GrassCheck: Growth stalls as NI sees biggest extremes in 10 years
Grass growth in Northern Ireland has slumped as rainfall becomes an issue on many farms, the latest GrassCheck data shows.
This week’s forecast expects growth will drop to just above 60kg DM/ha/day. Rather worryingly, the 14-day forecast shows a massive slump could be just around the corner.
Predictions this week show a dramatic fall in grass growth based on weather forecasts and current dry soil conditions at the Agri-Food and Biosciences Institute’s Hillsborough plot.
It’s expected growth will then almost halve to 34.2kg DM/ha/day – just as many are preparing to start their second cut.
Growth has fallen in the past week in line with predictions and due to the dry conditions experienced – particularly in the eastern counties.
These extremes haven’t been witnessed since June 2008, and it is likely that these predictions will be localised to areas which continue to receive little rainfall.
In Co. Down no rainfall at all was measured over the last week at the GrassCheck weather stations.
The same week, soil moisture also peaked at 146.9kPa in the east – more than double the amount at which growth is restricted.
However, soil remained moist in the west where grass growth was also highest; Co. Tyrone managed the most growth this week, topping 90kg DM/ha/day.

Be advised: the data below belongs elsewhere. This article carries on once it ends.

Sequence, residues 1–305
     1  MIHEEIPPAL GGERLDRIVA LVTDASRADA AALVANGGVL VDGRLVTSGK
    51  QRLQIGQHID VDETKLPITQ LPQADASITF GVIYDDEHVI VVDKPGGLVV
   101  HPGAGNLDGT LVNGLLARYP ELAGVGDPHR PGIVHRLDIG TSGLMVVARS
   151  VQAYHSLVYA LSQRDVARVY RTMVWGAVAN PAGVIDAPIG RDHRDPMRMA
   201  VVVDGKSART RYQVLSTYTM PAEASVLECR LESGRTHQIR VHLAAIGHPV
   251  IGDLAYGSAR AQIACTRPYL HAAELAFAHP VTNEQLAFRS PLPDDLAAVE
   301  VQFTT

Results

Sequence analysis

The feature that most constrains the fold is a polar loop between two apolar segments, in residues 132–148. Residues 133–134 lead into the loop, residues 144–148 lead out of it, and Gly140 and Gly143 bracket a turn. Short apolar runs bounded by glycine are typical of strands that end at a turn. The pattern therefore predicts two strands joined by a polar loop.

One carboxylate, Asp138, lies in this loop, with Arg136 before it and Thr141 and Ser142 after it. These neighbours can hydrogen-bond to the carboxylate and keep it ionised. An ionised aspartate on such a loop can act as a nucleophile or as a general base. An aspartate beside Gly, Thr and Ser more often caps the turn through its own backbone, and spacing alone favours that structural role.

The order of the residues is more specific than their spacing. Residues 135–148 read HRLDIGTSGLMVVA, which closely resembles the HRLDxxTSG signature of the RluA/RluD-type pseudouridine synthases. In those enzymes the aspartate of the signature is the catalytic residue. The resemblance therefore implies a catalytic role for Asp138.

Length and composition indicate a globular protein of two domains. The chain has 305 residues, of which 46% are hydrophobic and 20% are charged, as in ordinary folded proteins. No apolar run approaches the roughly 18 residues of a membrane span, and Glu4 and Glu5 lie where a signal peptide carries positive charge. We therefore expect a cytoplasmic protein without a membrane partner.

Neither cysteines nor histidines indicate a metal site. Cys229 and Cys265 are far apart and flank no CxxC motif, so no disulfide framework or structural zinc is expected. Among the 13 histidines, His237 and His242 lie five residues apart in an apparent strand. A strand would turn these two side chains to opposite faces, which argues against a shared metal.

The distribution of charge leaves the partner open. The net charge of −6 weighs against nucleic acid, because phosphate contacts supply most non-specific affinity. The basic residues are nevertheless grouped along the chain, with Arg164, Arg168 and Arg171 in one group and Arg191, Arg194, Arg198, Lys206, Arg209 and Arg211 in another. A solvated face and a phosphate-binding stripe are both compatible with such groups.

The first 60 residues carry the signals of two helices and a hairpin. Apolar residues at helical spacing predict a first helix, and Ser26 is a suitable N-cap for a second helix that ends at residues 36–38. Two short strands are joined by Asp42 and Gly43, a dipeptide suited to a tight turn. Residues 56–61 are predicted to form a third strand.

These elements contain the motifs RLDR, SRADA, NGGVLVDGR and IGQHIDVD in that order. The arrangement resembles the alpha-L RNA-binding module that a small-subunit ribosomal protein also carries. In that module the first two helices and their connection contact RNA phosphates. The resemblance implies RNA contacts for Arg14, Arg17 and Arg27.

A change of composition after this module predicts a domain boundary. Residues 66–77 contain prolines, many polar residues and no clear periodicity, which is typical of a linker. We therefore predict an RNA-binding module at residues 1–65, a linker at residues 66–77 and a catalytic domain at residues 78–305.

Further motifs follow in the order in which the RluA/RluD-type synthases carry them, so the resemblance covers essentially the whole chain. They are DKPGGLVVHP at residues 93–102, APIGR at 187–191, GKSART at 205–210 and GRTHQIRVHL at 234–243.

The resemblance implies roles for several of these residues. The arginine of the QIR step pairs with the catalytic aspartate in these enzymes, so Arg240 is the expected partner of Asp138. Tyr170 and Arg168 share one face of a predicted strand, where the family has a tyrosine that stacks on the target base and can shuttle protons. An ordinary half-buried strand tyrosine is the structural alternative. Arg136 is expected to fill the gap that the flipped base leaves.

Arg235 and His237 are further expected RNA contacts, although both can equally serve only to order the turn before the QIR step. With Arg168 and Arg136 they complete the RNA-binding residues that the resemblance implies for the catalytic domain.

However, a large range in growth rates is currently evident across GrassCheck farms (24 – 137kg DM/ha/day). Wetter farms or those which have received localised heavy rainfall recently are expected to maintain current growth rates.
Grass quality remains low across much of the province due to the stress on the plant from dry weather.
This week’s GrassCheck management notes advise:
- Testing grass and reviewing current supplementation rates for livestock to meet animal requirements for target performance.
Established in 1999, the GrassCheck project aims to provide up-to-date grass information to assist farmers with grassland management decisions.
In 2017, the project included 35 farmers across a variety of systems spread around Northern Ireland. This year the number of farms involved increased to 50.